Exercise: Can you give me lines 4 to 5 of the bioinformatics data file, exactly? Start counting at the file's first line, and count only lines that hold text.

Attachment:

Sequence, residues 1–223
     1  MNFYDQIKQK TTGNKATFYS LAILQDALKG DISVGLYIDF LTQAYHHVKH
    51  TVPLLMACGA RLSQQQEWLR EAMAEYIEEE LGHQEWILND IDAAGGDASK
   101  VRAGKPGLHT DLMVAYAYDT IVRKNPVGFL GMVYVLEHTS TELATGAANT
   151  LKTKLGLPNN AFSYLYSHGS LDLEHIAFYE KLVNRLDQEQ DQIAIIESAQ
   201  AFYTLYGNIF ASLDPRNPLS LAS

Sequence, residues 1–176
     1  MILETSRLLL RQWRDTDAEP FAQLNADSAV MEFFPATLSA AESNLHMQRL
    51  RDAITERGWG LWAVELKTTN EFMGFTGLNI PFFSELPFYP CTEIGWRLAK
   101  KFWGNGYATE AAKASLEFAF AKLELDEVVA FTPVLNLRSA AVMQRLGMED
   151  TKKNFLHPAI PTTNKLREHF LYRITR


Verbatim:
   101  VRAGKPGLHT DLMVAYAYDT IVRKNPVGFL GMVYVLEHTS TELATGAANT
   151  LKTKLGLPNN AFSYLYSHGS LDLEHIAFYE KLVNRLDQEQ DQIAIIESAQ